Solicitor told to pay back charity money

A CORRUPT solicitor jailed for stealing nearly �200,000 bequeathed to charities, including vital funds destined for two local hospices, has been ordered to pay money back or face longer in prison.

James Hore

A CORRUPT solicitor jailed for stealing nearly �200,000 bequeathed to charities, including vital funds destined for two local hospices, has been ordered to pay money back or face longer in prison.

Former Brightlingsea solicitor Philip Totenhofer helped himself to the money, including thousands from a will to be shared between St Helena Hospice in Colchester and St Elizabeth Hospice in Ipswich.

The 62-year-old was jailed for three years last November after pleading guilty to six counts of theft.

But a judge at Chelmsford Crown Court has now made the shamed solicitor the subject of a confiscation order under the Proceeds Of Crime Act.

He ordered Totenhofer to pay St Helena and St Elizabeth hospices �36,000 each.

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And the ruling means that unless Totenhofer, who was struck off in 2003, pays the money, his prison sentence will be extended by an extra 18 months.

Last night both St Helena and St Elizabeth welcomed the news that the money stolen from the will of Brightlingsea woman Constance Fanny Fitzgerald in March 2004 could still go towards the good work they carry out.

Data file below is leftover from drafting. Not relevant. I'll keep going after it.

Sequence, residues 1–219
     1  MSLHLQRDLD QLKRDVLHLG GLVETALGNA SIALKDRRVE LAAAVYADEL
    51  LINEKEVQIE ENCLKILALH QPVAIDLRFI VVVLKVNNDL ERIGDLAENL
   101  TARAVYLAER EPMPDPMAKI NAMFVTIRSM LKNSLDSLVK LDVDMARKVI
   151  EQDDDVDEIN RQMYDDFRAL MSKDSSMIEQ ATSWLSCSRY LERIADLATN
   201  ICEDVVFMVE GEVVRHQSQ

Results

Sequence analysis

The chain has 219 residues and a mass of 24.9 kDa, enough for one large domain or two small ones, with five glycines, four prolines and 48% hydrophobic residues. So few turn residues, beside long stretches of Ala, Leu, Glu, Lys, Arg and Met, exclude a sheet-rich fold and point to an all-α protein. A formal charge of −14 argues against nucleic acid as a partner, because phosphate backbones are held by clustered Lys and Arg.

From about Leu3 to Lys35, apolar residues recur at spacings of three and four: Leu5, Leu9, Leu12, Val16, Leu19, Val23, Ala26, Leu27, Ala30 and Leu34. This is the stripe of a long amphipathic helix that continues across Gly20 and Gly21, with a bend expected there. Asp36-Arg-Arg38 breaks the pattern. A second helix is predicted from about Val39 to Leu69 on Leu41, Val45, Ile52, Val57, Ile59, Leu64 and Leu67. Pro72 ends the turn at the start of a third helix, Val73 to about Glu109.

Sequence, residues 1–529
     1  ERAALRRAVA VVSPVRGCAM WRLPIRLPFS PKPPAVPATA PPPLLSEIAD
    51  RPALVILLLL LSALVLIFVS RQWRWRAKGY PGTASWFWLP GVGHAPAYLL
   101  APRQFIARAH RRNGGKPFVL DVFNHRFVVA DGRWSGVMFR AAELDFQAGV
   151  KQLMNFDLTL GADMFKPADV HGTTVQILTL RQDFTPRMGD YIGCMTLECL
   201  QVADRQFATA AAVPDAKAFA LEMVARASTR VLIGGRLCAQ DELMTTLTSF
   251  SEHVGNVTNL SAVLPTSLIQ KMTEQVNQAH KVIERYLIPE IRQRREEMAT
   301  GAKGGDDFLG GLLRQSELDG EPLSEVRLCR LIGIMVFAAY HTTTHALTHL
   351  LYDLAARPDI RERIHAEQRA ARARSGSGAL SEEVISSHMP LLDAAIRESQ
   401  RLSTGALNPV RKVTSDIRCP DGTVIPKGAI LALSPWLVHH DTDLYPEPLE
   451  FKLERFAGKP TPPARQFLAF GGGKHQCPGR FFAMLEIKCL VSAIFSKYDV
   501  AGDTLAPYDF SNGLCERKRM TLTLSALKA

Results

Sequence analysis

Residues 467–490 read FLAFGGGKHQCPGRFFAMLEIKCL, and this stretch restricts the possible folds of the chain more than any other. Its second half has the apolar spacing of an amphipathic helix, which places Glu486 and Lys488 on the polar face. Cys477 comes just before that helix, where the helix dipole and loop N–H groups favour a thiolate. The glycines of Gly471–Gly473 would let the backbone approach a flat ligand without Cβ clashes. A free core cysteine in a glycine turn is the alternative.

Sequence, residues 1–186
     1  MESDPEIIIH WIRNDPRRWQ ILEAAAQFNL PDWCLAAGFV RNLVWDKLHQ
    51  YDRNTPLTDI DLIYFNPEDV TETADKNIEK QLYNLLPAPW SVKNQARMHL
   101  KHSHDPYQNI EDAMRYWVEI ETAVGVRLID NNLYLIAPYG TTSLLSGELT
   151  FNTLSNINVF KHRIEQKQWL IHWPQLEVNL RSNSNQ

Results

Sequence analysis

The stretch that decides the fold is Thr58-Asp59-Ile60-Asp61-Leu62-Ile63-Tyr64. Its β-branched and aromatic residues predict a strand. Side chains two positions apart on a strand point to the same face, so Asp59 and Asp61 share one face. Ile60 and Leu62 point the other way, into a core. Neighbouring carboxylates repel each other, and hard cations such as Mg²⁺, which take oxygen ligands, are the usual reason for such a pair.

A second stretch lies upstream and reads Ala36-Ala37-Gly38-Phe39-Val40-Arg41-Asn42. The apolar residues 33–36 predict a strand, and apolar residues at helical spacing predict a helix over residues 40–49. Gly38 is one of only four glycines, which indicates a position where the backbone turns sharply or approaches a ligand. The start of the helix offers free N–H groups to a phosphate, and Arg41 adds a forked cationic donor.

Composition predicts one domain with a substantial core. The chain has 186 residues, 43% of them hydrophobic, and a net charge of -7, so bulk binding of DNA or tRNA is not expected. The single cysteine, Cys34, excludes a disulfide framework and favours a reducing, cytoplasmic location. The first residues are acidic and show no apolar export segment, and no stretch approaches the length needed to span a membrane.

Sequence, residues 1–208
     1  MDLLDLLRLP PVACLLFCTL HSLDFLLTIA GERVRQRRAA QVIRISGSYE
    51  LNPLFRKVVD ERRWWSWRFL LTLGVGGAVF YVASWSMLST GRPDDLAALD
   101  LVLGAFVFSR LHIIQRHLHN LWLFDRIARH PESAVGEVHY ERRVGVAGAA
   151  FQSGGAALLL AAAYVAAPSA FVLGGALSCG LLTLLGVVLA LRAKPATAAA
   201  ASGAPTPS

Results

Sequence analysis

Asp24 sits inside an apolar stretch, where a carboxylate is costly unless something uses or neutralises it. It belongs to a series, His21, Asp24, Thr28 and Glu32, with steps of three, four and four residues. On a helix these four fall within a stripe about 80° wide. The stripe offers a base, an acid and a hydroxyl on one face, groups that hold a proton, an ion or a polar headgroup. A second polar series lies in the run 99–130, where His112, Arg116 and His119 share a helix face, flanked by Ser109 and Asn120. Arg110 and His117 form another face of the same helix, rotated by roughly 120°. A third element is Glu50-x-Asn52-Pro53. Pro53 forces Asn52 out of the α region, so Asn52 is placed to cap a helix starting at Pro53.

Speaking on behalf of both hospices, Rosy Stamp, director of St Helena, thanked Essex Police for their work ensuring the stolen money was recovered.

She said: “The police have done a fantastic job and we would like to thank the team involved very warmly.

“The thefts were a breach of trust so I do not think there can be any mitigation for what he did and this all happened after he had been struck off as a solicitor by The Law Society.

“The money we will be getting is the yearly salary of a specialist nurse, including on-call, and costs.

“It really is a big amount for us and we are just so grateful to the police and then the judge who made the confiscation order.”

The order made at Chelmsford Crown Court also means the RNLI at Poole, Dorset, and McMillan Cancer Support should each receive �17,000.

The two charities had been bequeathed the money by Ellen Grout, of Hoddesdon in Hertfordshire, but the court was told Totenhover, helped himself to more than �41,000.

Mrs Grout died in 1998 at the age of 82 and initially bequeathed her estate to her son Ted, who had learning difficulties.

But when he died in 2004, the will instructed to make the bequests to the charities.

The court had been told it was only when her other son later contacted the charities, that they discovered the money had not reached them.

Totenhofer has been given six months to pay up or face the extended sentence.

james.hore@eadt.co.uk